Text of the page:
moe. blows out a few candles

The band gives their moe.down festival a rest — for now


About three weeks ago, the dutiful webmaster running moe.’s homepage linked to a piece lauding the band’s long-tenured moe.down festival, held in upstate New York, as one of the world’s best music festivals, putting the low-key and locally beloved event alongside such notable crowdcrushes as Glastonbury, Coachella, Dia de los Meurtos and Morocco’s Gnaoua World Music Festival.

We’re not sure if the site was really ranking them, rather than eagerly scraping up every festival they could find a reference to on the Internet, but the shout-out made for a little press for the kickoff of band’s 25th anniversary year.

About 10 days later, the same webmaster posted a link that informed his readers that, well, moe.down wasn’t actually happening this year. Still a great festival, mind you, but don’t look for tickets this September.

We caught up to Vinnie Amico, moe.’s drummer, last week and asked, what gives?

“It’s been a 15-year-running festival, which is longer than most, and the last couple of years, the numbers weren’t bad, they just hadn’t grown,” Amico said. “We just thought, ‘Eh, give it a year off, maybe increase the demand for it a little, and go back and ensure that we’re doing it right.’” 

To be fair, festival culture has grown to immense proportion here in the States; planetary axis-tilting events like Coachella and Bonnaroo were either just getting started or merely a twinkle in some promoter’s eye when moe. started their annual gathering.

“This is our thing and has been all along, but there are so many festivals out there now, we just thought maybe this was the time to give people an opportunity to say, ‘Wow, that was a really good festival, I hope it comes back,’” Amico said.

In the immortal words of Dan Hicks, how can I miss you if you won’t go away?

Amico laughed. “Exactly.” 

moe.down did carry an early repute as one of the essential stops on the groove scene circuit, reinforcing the notion that moe. was one of the primary stanchions in the last two decades’ jam band movement. That vestigial tag continues to follow the band around, at least in some of the press and promoter blather around them, and it’s probably misplaced. One need look no further than the band’s 2014 release No Guts No Glory¸ a sleeves-rolled-up workshop in grindy alt-roots guitar rock — the granite-textured “Annihilation Blues,” the bluesy midsection howl of “White Lightning Turpentine” and the grassy “Do or Die” defining the outer perimeters, while the quirky “Billy Goat” and Sgt Pepper-y lysergia of “Silver Sun” deftly harken back to the band’s offbeat early days playing clubs in and around Buffalo, N.Y.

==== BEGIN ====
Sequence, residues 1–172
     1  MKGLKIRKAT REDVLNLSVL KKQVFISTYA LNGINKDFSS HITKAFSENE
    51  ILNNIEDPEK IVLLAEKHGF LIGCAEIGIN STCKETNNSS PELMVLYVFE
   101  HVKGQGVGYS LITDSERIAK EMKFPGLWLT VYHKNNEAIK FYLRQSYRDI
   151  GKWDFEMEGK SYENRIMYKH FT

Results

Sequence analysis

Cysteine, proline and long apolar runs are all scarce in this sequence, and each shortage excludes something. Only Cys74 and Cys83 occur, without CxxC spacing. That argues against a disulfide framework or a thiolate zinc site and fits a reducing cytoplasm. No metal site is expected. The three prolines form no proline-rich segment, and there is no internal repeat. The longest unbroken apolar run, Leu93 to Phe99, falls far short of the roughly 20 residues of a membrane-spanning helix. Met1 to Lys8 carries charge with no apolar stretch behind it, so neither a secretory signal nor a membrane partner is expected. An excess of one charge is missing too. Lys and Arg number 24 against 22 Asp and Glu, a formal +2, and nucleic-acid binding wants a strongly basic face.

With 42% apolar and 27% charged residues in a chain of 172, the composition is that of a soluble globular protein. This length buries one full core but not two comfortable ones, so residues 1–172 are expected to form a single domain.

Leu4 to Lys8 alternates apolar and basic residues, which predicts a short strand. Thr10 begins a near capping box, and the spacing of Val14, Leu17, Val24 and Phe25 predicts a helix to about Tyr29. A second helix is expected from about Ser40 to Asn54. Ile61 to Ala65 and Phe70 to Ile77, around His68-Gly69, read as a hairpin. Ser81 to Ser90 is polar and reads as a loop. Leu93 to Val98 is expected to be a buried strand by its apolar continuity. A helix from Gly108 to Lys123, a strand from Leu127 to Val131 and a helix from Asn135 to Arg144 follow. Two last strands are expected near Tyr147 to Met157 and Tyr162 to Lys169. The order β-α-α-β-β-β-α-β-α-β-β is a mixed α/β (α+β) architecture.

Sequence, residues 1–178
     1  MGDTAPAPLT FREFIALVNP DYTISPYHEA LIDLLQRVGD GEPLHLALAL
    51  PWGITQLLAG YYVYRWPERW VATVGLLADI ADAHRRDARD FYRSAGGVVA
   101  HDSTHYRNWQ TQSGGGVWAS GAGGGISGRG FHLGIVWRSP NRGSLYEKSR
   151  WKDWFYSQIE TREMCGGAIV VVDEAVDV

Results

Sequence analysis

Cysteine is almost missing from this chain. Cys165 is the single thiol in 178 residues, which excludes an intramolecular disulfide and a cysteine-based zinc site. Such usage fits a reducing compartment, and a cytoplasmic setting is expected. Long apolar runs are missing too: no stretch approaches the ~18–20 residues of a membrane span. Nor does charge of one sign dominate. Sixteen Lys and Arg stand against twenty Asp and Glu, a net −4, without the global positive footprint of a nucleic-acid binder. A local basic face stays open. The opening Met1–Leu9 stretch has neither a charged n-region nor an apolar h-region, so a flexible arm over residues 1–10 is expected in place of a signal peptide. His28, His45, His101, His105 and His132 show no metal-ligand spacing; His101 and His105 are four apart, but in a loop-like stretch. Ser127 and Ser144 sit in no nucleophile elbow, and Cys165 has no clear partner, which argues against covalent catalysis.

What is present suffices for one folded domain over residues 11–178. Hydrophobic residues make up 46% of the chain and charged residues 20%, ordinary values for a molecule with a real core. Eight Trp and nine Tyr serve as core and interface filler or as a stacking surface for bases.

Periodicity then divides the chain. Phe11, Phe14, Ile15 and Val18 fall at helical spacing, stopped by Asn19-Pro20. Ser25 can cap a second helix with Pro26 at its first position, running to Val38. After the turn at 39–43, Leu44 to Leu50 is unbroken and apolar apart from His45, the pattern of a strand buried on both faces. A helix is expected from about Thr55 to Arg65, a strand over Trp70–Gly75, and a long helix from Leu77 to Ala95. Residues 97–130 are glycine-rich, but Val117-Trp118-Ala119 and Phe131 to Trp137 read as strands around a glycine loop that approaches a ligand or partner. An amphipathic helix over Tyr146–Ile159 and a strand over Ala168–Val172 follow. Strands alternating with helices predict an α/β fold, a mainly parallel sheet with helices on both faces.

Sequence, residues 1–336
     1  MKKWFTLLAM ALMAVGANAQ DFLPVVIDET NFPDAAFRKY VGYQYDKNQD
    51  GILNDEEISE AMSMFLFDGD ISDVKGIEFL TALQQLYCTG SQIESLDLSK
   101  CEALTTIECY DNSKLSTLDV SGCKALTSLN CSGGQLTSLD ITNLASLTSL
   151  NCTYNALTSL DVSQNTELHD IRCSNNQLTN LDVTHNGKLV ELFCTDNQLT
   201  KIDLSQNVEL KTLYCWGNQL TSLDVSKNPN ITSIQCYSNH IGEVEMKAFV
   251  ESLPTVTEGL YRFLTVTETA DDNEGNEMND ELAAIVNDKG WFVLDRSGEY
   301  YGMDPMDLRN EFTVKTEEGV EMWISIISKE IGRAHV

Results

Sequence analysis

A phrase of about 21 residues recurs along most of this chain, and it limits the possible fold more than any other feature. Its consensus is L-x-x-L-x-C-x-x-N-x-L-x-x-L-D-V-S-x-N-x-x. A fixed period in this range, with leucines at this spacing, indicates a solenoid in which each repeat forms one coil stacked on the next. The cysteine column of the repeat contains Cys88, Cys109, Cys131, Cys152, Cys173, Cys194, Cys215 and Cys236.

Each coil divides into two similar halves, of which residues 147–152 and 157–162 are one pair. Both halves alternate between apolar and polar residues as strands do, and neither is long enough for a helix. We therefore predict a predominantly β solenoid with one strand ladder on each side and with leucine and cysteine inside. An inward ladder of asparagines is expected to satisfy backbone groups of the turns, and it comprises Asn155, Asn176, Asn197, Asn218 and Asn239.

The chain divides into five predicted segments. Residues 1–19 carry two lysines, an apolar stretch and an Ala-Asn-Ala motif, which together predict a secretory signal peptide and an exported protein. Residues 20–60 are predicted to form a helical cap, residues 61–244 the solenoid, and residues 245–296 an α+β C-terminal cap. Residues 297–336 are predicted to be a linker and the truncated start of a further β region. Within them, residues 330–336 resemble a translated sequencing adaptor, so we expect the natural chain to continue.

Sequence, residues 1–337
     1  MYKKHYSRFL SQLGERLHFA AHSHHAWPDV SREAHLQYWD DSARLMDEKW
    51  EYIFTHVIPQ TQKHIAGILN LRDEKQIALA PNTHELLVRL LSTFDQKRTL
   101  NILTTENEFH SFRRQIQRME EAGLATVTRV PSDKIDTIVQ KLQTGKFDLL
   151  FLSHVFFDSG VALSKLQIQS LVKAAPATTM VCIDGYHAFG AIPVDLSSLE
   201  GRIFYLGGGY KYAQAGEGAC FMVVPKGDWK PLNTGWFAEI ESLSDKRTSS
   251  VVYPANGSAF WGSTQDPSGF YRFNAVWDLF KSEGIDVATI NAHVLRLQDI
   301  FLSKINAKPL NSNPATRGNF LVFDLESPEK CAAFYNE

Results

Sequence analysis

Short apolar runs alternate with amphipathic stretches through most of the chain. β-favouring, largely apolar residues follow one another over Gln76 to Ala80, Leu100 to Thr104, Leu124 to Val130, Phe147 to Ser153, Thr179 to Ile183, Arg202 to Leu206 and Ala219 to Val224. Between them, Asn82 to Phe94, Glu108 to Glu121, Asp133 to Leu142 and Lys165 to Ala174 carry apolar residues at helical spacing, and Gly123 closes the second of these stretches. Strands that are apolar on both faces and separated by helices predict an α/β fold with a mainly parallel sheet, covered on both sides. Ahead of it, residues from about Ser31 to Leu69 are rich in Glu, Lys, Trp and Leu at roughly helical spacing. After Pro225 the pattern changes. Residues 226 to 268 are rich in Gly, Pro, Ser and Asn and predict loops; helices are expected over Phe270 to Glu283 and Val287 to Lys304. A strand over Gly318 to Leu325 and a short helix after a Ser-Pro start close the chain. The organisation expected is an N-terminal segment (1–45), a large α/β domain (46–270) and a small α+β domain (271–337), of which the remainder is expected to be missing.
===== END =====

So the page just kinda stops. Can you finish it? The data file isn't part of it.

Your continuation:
The band hits a lot of its influences here — blues, granny-glass psychedelia, acoustic Americana — but only a couple of songs exceed five minutes in length, and the vibe overall is straightforward.

Amico is diffident about the jam band label.

“It has its good and its bad,” he said. “Being tagged with that, you get access to a fan base that’s… what, 100,000 150,000 strong? But what it does negatively is, one, it shuts you off from the mainstream… Not that we want to be mainstream, but there are some positives to it.”

As it happened, we caught Amico during that weirdly frenetic interval most performing musicians know well, between sound check and showtime, but not for moe. Amico was getting ready for a small theater gig in Oneonta, N.Y., playing brushes for Floodwood, the newgrass side project he plays in with moe. guitarist Al Schnier. The band did a week-long swing through Colorado early last year, including gigs at Hodi’s, Cervantes and a couple of ski towns.

“It takes me back a long ways, since I used to play this stuff in college,” he said. “We did this for years; a lot of acoustic music, great instrumentation, amazing players.”

Before we released Amico from his press duties, we wanted to express, on behalf of writers across the globe, our affectionate consternation at the strict rules regarding the representation of moe.’s name in print. (Lower case, followed by a period.) We have always imagined this as another of the subtle press jabs that were once common in the alt-rock scene in the ’80s and ’90s, along with hidden CD tracks and intentionally mislabeled song sequences on CD sleeves. The lower case/mandatory period thing has endearingly bedeviled writers and copy editors for a quarter century — computers made it a little easier, once you turned spell check off.

“Ha! You’re welcome. That was exactly why we did that!” moe.


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